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Civil Disobedience Reflects Dissatisfaction with Government

Originally published in the SCMP, 17th September 2014

Your paper published on the 15th September a letter from Mark Peaker that claimed that the level of law enforcement in this city is “laughable” and this encouraged young people to take to the streets to protest (Enforcement of the Law Laughable – SCMP September 15th.) He writes that, “students are confident about engaging in civil disobedience and breaking the law because they believe they shall get away with it”.

Mr Peaker does not seem to understand that civil disobedience is to symbolically break the law to question the legitimacy of authority. To argue that students will break laws just because they can is both a misreading of human nature and of our relationship with authority.

People do not break the law because they can, just as we do not abide by it because it is rigorously enforced. We abide by the law because we believe in what the law represents.

Students and the majority of Hong Kong people do not believe the framework for political reform proposed by the NPCSC will provide the democratic reform this city so desperately needs. 

This is not for any high democratic ideal, and certainly not for any separatist leanings; it is because Hong Kong people want to believe again that they have a government that will listen to their concerns over housing, on how public money is being used, on cross-border immigration, the decline in press freedom and the deteriorating quality of life for the vast majority of Hong Kong residents.

Surveys show that the majority of Hong Kong people would reject the proposed framework, and that this majority is highest among the younger and educated (70%). Many of those who would vote in favour of the proposal do so only out of a sense of resignation. 

The act of civil disobedience proposed by OCLP may not be to everyones liking, but its motivation, the dissatisfaction it represents and what it seeks to challenge is representative of both a reasonable and overwhelmingly popular position.

Civil disobedience is supported, if not in action than in principle, by far more than, in Mr Peaker’s words, “vocal protesters who still have their underwear washed and ironed by their mothers”. Most students I know wash their own clothes. Every person I know living, as Mr Peaker does, on The Peak does not.

The act of breaking the law is a considered and calculated gambit. It may prove to be a poor bet. However, I, for one consider Hong Kong people above the need to be coerced in to abiding by the law. 

Filed under: Politics

About the Author

Posted by

Born and raised in Hong Kong, Evan is a writer, essayist and commentator. He has written and been published on a broad range of topics, from art, literature and aesthetic, to social and political commentaries, with a particular focus on issues of culture and identity.

4 Comments

  1. Pingback: Civil Disobedience Reflects Dissatisfaction with Government | 主場博客

  2. Moonah

    Students and the majority of Hong Kong people do not believe the framework for political reform proposed by the NPCSC will provide the democratic reform this city so desperately needs.

    TRY CONDUCTING A POLL AND YOU WILL SEE, AS VOCALLY WITNESSED IN MONGKOK TODAY, THAT THE MAJORITY OF HONG KONG PEOPLE ARE FED UP WITH THESE ANNOYING STUDENTS AND THEIR PUERILE DEMANDS.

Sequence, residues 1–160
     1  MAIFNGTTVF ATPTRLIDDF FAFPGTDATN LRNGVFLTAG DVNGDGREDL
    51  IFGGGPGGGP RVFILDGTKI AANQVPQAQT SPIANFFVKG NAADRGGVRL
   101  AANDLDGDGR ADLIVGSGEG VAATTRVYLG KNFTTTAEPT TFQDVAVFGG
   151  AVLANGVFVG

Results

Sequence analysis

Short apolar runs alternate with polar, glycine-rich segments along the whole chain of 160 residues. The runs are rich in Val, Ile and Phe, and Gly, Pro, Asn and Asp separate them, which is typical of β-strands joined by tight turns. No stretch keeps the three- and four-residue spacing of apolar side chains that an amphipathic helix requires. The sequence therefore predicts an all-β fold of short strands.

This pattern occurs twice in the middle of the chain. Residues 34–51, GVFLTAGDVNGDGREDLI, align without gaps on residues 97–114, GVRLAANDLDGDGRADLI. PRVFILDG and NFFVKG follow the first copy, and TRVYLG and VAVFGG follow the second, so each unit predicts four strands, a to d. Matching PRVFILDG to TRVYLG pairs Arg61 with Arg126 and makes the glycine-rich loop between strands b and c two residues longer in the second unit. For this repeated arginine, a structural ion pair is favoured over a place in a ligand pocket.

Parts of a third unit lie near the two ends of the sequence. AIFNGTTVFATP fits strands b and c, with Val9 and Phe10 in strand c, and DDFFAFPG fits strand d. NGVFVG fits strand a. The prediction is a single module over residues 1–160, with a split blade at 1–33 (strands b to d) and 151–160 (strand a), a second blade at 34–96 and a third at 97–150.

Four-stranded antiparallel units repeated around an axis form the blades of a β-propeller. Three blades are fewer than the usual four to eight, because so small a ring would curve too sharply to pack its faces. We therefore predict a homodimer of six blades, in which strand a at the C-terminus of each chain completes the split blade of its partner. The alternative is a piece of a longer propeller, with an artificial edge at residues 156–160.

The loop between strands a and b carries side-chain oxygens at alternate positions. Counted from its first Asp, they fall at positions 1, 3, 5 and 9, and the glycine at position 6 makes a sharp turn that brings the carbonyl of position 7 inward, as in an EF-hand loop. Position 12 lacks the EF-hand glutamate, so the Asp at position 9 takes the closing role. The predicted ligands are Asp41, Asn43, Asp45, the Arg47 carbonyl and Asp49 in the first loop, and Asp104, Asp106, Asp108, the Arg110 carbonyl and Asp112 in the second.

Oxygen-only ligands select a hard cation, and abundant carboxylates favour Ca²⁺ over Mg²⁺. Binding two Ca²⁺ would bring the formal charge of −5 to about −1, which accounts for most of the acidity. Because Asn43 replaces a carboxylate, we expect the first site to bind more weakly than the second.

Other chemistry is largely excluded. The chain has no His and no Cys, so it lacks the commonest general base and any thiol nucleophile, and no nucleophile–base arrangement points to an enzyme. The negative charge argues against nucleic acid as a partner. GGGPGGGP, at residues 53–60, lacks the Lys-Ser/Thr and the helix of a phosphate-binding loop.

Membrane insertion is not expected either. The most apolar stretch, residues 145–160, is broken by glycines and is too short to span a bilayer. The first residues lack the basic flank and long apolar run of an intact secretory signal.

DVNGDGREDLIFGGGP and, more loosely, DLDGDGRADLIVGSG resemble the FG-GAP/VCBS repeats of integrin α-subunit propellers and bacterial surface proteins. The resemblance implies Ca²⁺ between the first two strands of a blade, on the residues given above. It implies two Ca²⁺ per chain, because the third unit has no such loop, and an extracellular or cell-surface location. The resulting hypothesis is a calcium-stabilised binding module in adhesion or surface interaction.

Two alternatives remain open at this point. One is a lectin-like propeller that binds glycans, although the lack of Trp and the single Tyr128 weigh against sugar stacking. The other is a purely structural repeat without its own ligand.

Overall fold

LAWS ARE THERE TO PROTECT EVERYONE, CIVIL DISOBEDIENCE IS AGAINST THE LAW AND IT IS NOT REPRESENTATIVE OF ANY SYMBOLIC GESTURE OTHER THAN SELF INDULGENCE AND SELF IMPORTANCE.

    MR. FOWLER SHOULD BASE HIS ARGUMENTS ON FACTS RATHER THAN HIS PERCEIVED PERCEPTIONS, AND QUITE CLEAR JEALOUSY OF PEOPLE WHO LIVE ON HONG KONG’S PRESTIGIOUS PEAK AREA!

    PEOPLE ARE NOT CO-ERCED IN TO OBEING THE LAW – IT IS A REQUIREMENT OF ANY CIVILISED SOCIETY AND TO STATE OTHERWISE DEMONSTRATES THE WRITERS IGNORANCE.

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    • There have been three public opinion polls conducted. All show that the percentage of people who believe Legco should vote against the framework is double those who support it. The only poll not commissioned by a paper, the Public Opinion and Political Development Studies poll conducted by the Centre for Communication and Public Opinion of the CUHK, found that 53.7% said Legco should vote against the proposed framework if people holding different political views to Beijing were not allowed to run. Only 29.3% supported the proposed framework.

      It is worth also noting that many who support the framework do so out of a sense of resignation, as they believe HK has no other choice. From my own informal questioning of people in the “yes” camp this seems to be the standard position. Thus the true level of actual support for the proposed framework is likely to be far less than the polls suggest.

      As a side note, I may not live on the Peak, but I am certainly not jealous. Whilst I was raised mostly in the New Territories, my mother lived for many years in mid-levels and I had and still have close friends who were brought up on the Peak. Your penultimate paragraph is, frankly, more revealing of your own prejudice than mine.

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  3. Moonah

    Hardly jealous Mr. Fowler as I live on the Peak myself and have found after 40 years of living in Hong Kong the constant drivel that emanates from your mouth, weary!

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